What Colors Do Deer See Best?
The fact that they can see only the colors blue and green has been around for years.
Many hunters were questioning this fact, but at the end of the day, the answer is yes.
It would sound like a great relief if the only deer weren't sensitive to UV bright objects and movement.
And if their sense of smell is 500 to 1,000 times more sensitive than humans.
So, let’s see what we can overcome and use these few advantages at our disposal.
Leave Your Blue Jeans At Home:
This interesting fact is not something the hunters stumbled upon through endless trial and error but a scientifically proven fact.
In recent research concerning the behavioral measure of the light-adapted visual sensitivity of white-tailed deer, the scientists have observed seven deer in a series of forced-choice discrimination tests.
The results confirmed the previous estimates – deer have great sensitivity to short wavelength colors like blue and green.
In a specific capacity, they are even sensitive to ultraviolet light.
So, for a start – if you want to score a good game, be sure to leave your blue jeans at home.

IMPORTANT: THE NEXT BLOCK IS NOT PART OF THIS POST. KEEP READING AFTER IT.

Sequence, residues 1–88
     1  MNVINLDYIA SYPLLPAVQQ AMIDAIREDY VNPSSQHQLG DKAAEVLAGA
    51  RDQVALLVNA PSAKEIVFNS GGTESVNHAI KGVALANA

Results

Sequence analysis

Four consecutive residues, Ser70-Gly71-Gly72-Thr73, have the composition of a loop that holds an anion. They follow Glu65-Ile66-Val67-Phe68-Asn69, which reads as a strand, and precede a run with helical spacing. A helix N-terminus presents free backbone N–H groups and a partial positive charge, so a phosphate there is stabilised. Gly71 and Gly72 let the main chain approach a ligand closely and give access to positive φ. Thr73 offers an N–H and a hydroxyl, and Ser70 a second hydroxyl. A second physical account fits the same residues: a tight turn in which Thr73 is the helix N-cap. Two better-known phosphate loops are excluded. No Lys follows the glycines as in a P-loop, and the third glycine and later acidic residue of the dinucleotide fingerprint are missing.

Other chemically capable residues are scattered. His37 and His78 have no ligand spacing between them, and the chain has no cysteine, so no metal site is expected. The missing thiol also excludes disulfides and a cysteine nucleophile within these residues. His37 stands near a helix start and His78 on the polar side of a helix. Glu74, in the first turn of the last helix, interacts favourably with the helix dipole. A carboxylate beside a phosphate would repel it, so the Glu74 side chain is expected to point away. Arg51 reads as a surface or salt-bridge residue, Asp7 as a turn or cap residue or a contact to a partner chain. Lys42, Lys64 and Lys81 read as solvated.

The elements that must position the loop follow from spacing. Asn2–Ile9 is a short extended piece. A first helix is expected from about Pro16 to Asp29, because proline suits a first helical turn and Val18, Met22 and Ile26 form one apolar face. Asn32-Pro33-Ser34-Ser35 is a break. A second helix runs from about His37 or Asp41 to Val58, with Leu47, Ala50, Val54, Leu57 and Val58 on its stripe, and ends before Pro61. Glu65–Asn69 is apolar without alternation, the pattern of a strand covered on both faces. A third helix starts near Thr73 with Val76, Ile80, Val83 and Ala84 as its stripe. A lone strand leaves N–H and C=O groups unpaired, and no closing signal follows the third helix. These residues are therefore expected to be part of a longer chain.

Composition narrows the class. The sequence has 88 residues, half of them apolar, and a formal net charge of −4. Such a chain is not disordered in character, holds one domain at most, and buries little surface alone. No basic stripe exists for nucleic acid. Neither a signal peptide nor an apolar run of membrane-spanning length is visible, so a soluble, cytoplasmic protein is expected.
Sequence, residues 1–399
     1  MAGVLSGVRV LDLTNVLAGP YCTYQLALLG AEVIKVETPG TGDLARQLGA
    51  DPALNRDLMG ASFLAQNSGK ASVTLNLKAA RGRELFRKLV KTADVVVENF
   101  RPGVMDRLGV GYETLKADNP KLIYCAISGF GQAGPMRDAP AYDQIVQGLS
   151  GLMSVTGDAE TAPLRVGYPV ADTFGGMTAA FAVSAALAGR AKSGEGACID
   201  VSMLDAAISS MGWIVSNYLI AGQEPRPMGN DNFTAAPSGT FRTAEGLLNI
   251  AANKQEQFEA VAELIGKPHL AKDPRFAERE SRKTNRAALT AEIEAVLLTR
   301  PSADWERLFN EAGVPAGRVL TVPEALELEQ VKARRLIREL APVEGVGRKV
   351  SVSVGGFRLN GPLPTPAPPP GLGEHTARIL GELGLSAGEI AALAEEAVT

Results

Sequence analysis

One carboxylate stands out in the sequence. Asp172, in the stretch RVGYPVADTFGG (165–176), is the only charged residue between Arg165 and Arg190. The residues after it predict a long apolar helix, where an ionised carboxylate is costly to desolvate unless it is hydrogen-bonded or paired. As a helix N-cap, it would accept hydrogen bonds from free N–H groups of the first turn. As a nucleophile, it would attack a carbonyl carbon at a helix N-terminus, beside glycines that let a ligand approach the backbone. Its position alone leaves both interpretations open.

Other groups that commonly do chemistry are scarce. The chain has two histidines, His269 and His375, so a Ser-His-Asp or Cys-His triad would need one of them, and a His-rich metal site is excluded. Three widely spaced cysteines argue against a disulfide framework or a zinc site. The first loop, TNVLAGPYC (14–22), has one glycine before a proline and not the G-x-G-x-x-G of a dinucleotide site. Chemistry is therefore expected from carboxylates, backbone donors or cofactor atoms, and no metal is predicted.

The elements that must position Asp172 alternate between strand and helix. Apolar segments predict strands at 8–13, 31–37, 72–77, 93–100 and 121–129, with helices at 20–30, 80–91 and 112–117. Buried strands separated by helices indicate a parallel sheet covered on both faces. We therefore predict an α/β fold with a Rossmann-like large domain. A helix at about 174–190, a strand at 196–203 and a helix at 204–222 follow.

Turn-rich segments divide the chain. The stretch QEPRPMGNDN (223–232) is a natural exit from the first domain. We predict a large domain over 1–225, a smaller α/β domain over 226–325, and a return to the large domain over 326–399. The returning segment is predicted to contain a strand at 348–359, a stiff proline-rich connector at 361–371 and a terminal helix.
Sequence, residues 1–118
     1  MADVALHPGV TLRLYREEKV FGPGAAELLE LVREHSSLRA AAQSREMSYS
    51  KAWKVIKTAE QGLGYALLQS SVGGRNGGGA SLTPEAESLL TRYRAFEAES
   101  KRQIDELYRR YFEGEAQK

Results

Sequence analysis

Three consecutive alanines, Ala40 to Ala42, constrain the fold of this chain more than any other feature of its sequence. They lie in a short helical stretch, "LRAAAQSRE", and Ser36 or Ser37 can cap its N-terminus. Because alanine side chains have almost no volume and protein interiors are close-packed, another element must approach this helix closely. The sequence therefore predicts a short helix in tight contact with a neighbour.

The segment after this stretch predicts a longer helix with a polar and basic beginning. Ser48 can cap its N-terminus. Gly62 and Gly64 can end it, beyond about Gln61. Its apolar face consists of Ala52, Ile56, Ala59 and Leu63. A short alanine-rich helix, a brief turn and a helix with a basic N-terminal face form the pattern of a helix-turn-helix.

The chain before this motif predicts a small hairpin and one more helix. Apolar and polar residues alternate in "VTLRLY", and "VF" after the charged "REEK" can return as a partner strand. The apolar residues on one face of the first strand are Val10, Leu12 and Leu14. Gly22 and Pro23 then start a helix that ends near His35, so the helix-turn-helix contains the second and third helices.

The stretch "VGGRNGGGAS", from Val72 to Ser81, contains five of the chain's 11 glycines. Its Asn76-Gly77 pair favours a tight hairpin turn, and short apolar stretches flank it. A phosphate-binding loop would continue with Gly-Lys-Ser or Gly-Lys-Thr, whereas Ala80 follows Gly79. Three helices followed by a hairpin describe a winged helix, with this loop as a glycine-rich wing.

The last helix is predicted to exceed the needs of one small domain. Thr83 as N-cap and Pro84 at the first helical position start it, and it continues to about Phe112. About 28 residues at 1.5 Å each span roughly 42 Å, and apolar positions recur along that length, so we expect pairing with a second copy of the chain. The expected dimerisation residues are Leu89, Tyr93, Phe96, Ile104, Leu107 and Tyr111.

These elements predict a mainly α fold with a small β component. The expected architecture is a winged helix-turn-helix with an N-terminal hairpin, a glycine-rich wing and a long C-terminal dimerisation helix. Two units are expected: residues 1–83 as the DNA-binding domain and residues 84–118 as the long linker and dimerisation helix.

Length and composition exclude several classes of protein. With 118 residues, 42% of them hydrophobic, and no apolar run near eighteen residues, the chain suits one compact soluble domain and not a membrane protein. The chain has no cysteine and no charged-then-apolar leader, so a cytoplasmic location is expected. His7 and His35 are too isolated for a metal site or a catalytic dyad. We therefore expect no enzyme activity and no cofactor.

Now, covering yourself in colors deer show low sensitivity will give you some advantage while closing in.
But, deer are also extremely sensitive to UV brightness, and hunting gears consist of several pieces that reflect this range of the light spectrum.
Be Careful With UV Brighteners
This problem is only even worse because even some popular laundry detergents feature UV brighteners making the hunting clothes look cleaner and brighter.
Since you are trying to take down the agile and alert white-tail deer, this is something you should avoid.
Well, there are a couple of ways to cheat your way out of this problem.
The first one would be to use some of the “UV Killer” sprays designed to dampen and block UV reflections. They require a bit more money on the table but do absolute wonders in real-life scenarios.
If you are not ready to pay this extra price, skip detergents that use the UV brighteners and turn you into a lighting flare for all dears within a mile.
In either of the cases, be sure to check your camo with a UV blacklight. If you are experiencing excessive glowing spots, replacing the gear may solve the problem without additional investments.
Turn Yourself Into A Silent Ninja:
Finally, we have to mention deer's extreme sensitivity to sound and movement, which is a disadvantage you can't magically solve with a run of some spray.
Mastering the art of sneaking up to the prey and taking it down silently requires years of practice, so you ought to go through your share of trial and error.
But, performing slower movements or standing completely still while aiming will give you a good start.
We hope these few tips gave you some heads up regarding the white-tailed deer.
This species is a challenging prey with incredibly sharp senses. But, it has some weaknesses we can exploit. So, ditch the blue and happy hunting.